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Hopalong Cassidy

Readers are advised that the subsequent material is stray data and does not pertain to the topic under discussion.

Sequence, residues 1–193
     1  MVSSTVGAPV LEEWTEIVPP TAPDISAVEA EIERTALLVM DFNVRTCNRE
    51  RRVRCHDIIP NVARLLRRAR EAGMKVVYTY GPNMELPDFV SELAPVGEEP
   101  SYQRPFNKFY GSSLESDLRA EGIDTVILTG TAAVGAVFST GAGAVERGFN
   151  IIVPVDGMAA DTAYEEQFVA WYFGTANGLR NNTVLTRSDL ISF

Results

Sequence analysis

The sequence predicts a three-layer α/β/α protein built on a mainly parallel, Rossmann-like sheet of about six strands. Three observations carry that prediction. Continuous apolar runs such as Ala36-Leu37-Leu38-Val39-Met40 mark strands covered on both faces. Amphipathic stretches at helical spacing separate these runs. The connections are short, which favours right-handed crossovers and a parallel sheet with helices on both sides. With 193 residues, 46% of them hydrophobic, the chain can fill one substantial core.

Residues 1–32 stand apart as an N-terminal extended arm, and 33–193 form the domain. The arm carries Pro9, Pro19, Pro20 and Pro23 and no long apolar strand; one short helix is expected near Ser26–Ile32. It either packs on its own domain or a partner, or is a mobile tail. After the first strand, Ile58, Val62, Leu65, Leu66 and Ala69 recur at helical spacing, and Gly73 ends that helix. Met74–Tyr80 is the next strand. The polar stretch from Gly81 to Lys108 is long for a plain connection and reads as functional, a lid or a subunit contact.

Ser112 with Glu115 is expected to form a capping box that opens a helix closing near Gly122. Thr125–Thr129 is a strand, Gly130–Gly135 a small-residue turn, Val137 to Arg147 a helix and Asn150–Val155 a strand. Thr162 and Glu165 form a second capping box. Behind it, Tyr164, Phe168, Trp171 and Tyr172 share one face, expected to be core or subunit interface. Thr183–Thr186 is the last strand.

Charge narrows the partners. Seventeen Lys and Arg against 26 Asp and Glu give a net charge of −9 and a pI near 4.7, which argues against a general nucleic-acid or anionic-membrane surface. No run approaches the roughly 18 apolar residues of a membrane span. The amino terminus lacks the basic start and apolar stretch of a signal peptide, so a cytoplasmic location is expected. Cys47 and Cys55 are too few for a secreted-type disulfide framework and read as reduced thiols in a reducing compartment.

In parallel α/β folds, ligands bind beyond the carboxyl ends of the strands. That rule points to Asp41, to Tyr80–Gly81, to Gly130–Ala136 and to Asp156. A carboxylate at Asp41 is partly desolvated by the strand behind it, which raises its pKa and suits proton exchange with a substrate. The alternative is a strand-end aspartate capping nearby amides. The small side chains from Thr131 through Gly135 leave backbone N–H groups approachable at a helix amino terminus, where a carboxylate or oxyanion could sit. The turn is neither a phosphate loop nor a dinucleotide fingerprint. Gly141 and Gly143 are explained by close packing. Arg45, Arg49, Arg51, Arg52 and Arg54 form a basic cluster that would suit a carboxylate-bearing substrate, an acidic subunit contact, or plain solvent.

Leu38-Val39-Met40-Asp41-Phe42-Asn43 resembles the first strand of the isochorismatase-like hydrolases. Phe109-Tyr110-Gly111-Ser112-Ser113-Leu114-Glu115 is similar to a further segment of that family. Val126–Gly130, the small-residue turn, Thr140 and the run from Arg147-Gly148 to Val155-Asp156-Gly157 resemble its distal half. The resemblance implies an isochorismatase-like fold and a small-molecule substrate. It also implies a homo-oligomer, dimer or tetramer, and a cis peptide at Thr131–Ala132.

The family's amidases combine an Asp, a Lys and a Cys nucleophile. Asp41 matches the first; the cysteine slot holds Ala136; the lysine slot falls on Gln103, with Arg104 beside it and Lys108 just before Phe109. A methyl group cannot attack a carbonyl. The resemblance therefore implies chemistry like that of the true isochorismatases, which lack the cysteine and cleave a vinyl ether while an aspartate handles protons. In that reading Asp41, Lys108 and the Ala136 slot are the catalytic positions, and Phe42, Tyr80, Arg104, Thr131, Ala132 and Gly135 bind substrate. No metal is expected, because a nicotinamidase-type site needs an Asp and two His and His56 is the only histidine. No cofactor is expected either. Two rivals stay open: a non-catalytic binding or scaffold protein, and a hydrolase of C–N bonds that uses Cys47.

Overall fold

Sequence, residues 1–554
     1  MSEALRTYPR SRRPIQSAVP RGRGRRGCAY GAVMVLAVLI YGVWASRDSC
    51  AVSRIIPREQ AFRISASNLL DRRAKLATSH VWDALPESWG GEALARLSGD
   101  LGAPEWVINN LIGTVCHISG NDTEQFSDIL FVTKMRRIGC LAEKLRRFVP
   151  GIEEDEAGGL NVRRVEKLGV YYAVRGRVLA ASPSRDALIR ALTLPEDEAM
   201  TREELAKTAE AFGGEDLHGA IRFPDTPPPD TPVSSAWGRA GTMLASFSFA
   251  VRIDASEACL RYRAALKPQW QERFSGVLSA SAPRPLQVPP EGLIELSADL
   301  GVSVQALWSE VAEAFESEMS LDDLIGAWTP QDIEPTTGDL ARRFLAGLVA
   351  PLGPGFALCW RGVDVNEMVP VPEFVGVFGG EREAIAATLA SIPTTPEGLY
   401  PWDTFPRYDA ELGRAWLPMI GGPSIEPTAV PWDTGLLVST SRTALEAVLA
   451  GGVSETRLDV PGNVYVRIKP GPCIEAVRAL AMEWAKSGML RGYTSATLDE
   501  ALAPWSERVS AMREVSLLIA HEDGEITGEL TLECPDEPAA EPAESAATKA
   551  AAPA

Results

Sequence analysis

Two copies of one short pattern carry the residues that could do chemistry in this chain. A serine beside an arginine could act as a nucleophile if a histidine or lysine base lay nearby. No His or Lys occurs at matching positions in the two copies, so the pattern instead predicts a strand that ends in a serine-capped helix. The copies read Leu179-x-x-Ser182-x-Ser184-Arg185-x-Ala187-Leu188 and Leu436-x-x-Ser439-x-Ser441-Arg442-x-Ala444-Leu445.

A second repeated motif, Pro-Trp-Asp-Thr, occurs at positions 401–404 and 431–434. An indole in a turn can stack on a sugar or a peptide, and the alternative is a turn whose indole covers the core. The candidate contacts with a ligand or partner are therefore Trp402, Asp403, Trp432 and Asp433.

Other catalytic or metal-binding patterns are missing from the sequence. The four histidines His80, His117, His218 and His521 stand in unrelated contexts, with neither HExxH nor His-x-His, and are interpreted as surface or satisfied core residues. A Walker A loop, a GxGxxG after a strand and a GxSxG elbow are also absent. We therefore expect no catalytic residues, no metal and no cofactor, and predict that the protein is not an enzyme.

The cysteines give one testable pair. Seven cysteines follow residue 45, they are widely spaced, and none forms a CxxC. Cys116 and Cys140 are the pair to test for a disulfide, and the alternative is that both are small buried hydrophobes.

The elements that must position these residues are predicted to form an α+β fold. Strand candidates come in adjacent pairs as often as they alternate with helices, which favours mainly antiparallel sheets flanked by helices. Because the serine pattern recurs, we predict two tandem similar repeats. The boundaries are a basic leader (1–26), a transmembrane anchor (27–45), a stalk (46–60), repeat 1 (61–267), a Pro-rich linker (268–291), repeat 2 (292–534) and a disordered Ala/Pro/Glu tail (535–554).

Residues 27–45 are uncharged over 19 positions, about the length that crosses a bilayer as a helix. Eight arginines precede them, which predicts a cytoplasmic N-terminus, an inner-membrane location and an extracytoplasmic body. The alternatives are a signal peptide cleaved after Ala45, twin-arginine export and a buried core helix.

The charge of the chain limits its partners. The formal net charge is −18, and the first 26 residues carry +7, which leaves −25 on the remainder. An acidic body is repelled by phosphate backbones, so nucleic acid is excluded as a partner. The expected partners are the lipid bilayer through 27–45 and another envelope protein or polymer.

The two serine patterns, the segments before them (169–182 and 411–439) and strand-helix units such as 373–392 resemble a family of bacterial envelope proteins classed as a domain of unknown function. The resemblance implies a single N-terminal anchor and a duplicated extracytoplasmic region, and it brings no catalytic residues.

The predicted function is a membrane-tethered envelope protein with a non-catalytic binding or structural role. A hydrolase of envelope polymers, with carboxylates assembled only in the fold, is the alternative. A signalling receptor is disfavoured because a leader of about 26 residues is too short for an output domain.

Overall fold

Hopalong Cassidy or Hop-along Cassidy is a fictional cowboy hero created in 1904 by the author Clarence E. Mulford, who wrote a series of popular short stories and many novels based on the character. In his early writings, Mulford portrayed the character as rude, dangerous, and rough-talking. He had a wooden leg which caused him to walk with a little "hop", hence the nickname. From 1935, the characteróas played by movie actor William Boyd in films adapted from Mulford's booksówas transformed into a clean-cut, sarsaparilla-drinking hero. Sixty-six popular films appeared, only a few of which were loosely based on Mulford's stories. The success of the television series made Boyd a star. The Mutual Broadcasting System began broadcasting a radio version, with Andy Clyde (later George MacMichael on Walter Brennan's ABC sitcom The Real McCoys) as the sidekick, in January 1950; at the end of September, the show moved to CBS Radio, where it ran until 1952. The series and character were so popular that Hopalong Cassidy was featured on the cover of national magazines such as Look, Life, and Time. Boyd earned millions as Hopalong ($800,000 in 1950 alone), mostly from merchandise licensing and endorsement deals. In 1950, Hopalong Cassidy was featured on the first lunchbox to bear an image, causing sales for Aladdin Industries to jump from 50,000 to 600,000 in one year. In stores, more than 100 companies in 1950 manufactured $70 million of Hopalong Cassidy products, including children's dinnerware, pillows, roller skates, soap, wristwatches, and jackknives. [wikipedia]

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